MOUNT VERNON — County Commissioner Allen Stockberger joined county employee John Alberts to view some overflow at the recycling trailer at Apple Valley on Monday morning. Stockberger’s initial reaction was that it wasn’t too bad, and only a pickup truck load was gathered by Alberts for disposal.
It was only later that Stockberger heard that before he was there, Jeff Harmer of the Apple Valley Property Owners Association had already had a dump truck load removed from the site.
The recycling trailers, located at 113 Hasbrouck Circle at Apple Valley, are picked up three times a week, according to the plan devised by the DKMM Solid Waste District plan serving Delaware, Knox, Marion and Morrow counties’ recycling needs.
“We’ve been severely taken advantage of,” said county recycling coordinator Linda Montgomery, who explained that the DKMM plan will remain in place until a new district plan is negotiated for 2011.
She said that until then, there isn’t any money available for expanding the frequency of trailer pickups at Apple Valley. Montgomery said overflow problems have been seen at the trailers in Fredericktown and Centerburg, too, but nothing compared to the situation at Apple Valley, where the problem has been compounded by the dumping of items clearly marked as nonrecyclable.
But even recyclable items become litter if they are left on the ground, Montgomery said. Harmer agreed.
“A lot of people just don’t realize that if they leave their recycling stacked next to the trailer, that’s littering,” Harmer said in a telephone conference with the commissioners.
Montgomery said the Ohio Revised Code section 3767.32 states that any items left at a recycling site, but not in it, are subject to $500 in fines and sentences of up to 60 days in jail.
Montgomery said the county will begin opening trash bags left on the ground at the recycling trailers to search for addresses of the offenders, and will send them a registered letter informing them of the violation.
“It’s breaking the law if it’s not in the trailer,” Stockberger said.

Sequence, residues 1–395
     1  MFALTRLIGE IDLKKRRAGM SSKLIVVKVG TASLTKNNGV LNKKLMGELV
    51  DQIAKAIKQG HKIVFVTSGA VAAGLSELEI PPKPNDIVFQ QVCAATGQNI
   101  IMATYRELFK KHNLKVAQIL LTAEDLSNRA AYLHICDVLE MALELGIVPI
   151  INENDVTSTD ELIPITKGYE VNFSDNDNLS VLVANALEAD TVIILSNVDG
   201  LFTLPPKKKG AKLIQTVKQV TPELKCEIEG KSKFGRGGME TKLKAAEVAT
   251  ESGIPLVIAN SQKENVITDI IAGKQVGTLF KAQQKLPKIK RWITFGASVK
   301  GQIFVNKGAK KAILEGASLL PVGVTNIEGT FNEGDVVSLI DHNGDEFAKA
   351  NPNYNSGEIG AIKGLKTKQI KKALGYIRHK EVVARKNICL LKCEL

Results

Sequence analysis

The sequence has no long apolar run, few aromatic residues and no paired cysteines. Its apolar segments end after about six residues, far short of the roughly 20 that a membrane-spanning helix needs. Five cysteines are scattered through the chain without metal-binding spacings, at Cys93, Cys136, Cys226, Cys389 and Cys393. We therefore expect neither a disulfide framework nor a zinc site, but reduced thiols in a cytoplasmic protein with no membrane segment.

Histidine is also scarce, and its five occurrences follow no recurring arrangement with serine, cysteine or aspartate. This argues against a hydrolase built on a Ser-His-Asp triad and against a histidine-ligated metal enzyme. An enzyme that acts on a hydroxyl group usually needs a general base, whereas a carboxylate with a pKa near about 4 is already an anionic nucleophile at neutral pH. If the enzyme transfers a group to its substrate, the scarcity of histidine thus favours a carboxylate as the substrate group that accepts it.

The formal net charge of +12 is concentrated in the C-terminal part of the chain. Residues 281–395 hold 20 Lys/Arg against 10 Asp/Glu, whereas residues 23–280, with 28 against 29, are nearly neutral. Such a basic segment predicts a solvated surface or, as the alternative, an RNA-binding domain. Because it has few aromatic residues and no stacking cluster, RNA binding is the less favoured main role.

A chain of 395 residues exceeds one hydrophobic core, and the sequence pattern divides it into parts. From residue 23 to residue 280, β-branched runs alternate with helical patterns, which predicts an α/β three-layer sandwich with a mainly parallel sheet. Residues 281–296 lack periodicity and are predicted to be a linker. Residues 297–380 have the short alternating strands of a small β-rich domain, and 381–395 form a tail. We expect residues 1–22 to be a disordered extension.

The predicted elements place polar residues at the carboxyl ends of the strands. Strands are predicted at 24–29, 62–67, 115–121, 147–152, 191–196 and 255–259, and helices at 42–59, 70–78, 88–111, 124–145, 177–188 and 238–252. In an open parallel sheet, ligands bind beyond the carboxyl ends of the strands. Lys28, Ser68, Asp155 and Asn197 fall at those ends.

Montgomery said that in using the county recycling truck to make “cleanup” runs, gallons of employee fuel and hours of employee time are being wasted every month at Apple Valley. Recent logs of Alberts’ time at Apple Valley showed anywhere from one to three hours per month being spent cleaning the recycling trailer site; that does not take take into account travel time and fuel expense.
An additional problem, Montgomery said, is that over the years, more and more nonrecyclable items are being dumped at the trailers. Monday morning’s load included nonrecyclables such as old tires and a garden hose. This problem, she said, combined with the lack of time to sort through overflow, has led to all of the overflow items, including the recyclable ones, being taken to the county landfill for disposal, thus defeating the whole purpose of recycling in the first place.
Montgomery said the situation has developed because Apple Valley is one of the county’s best communities for recycling. As the trailers began filling up in recent years, bins for paper were put in to allow more room in the recycling trailer, but that, too, proved insufficient before long.
According to the DKMM Solid Waste District plan, 90 percent of all citizens have to have the option of having recycling trailers in their townships at least part of the time, but only a certain amount of money is available in the budget. Therefore, even though there may be an overflow in a busy place like Apple Valley, the access required by state law forbids a half-empty trailer being reassigned from a less-busy area such as, for instance, Pike Township, which only has a trailer three days per week.
In other county business, Matthew Kurtz, Knox County Department of Job & Family Services interim director, informed the commissioners that unemployment crept up 0.5 percent in Knox County in the latest numbers available from the state. In October, the county’s unemployment was 8.6 percent; that rose to 9.1 percent in November, slightly below the U.S. rate of 9.4 percent. Delaware and Holmes counties tied for lowest unemployment at 7.2 percent, while Highland County remained the worst in the state at 16.1 percent.
The commissioners re-appointed Chris Cordle to a new term on the Airport Authority Board. This term, Cordle’s second, will commence Jan. 1, 2010, and last for four years. The commissioners also appointed incoming Liberty Township Trustee Gene Phillips to represent the Knox County Township Association to the Mid-Ohio Transit Authority Board. Phillips will be filling an existing term which starts Jan. 1 and lasts until Dec. 31, 2010.